One egg is most common which is incubated by both parents over a two month period. Eggs are colored white. The female completes the majority of the incubation period.

Fledging takes place at between 4 and 5 months old. They may remain with their parents for a year and a half.

They are the tallest species of eagle on Earth and are among the heaviest.

Sexual maturity is reached at five years old for females and seven years for males.


What does the Philippine eagle do with its day?

These birds produce a loud, high-pitched vocalization.

They are active during the day which is when they will complete their hunting and preparation of their nest.

Philippine Eagle

Credit: shankar s. from Dubai, united arab emirates, CC BY 2.0 <>, via Wikimedia Commons

Predators and Threats

What is impacting the survival of the Philippine eagle?

The population of the Philippine eagle is currently in rapid decline. Estimates place the total population at between 180 and 500 individuals.

Most pairs live on Mindanao with the other islands providing a home for less than 10 pairs each.

Threats to this species include destruction and fragmentation of their habitat to allow for cultivation. Much of their remaining habitat is already leased for clearance. Mining is an increasing threat which may cause the clearance of further habitat.

They are also subject to hunting for food and in some instances for display or trade. Accidental captures in traps set for other animals can also lead to their demise.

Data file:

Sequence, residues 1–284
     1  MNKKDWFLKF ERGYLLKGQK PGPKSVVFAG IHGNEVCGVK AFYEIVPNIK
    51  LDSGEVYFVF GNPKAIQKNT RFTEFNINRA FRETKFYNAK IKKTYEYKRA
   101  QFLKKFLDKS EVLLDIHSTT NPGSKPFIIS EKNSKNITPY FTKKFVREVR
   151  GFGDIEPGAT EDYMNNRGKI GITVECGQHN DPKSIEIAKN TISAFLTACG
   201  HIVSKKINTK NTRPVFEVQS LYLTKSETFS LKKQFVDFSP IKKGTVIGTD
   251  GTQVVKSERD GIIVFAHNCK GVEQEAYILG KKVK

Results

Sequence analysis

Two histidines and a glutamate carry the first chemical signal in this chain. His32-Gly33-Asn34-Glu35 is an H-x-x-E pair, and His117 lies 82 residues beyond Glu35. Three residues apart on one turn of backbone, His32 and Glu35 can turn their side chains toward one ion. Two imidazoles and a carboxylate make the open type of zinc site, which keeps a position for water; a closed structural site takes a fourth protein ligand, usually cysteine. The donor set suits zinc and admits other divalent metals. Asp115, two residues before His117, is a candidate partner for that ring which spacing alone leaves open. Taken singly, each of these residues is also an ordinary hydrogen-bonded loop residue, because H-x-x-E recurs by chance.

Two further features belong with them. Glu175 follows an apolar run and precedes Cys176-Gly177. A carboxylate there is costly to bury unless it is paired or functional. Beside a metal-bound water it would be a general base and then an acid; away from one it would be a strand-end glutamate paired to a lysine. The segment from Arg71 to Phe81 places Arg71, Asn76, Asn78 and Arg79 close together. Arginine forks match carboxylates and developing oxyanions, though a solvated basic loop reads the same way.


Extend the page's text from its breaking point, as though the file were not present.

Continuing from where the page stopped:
Other threats which require further investigation include severe weather events and the impact of pesticides.

Quick facts

These birds are listed as the national bird of the Philippines. They were also the official mascot of the Southeast Asian Games competition in 2005.

This species has also be known as the monkey-eating eagle due to their habit of preying on monkeys.

Philippine eagles were first described for western science by John Whitehead in 1896.

The 'jefferyi' portion of their scientific name is taken from the father of John Whitehead, Jeffery.

Philippine Eagle

Credit: RoyKabanlit, CC BY-SA 4.0 <>, via Wikimedia Commons


Burnie, D., 2011. Animal. 3rd ed. London: DK

BirdLife International. 2018. Pithecophaga jefferyi (amended version of 2017 assessment). The IUCN Red List of Threatened Species 2018: e.T22696012A129595746. Downloaded on 11 November 2021. 2021. Philippine Eagle. [online] Available at: <> [Accessed 11 November 2021].

WildArk. 2021. Philippine Eagle - WildArk. [online] Available at: <> [Accessed 11 November 2021].

Valdeavilla, R., 2021. Philippine Eagle: 11 Facts About The Philippines' National Bird. [online] Available at: <> [Accessed 11 November 2021].

DiveScotty. 2021. Philippine Eagle Monkey Eating Eagle. [online] Available at: <> [Accessed 11 November 2021].

2021. THE PHILIPPINE EAGLE. [online] Available at: <> [Accessed 11 November 2021].

EDGE of Existence. 2021. Philippine Eagle - EDGE of Existence. [online] Available at: <> [Accessed 11 November 2021]. 2021. Philippine Eagle | The Peregrine Fund. [online] Available at: <> [Accessed 11 November 2021].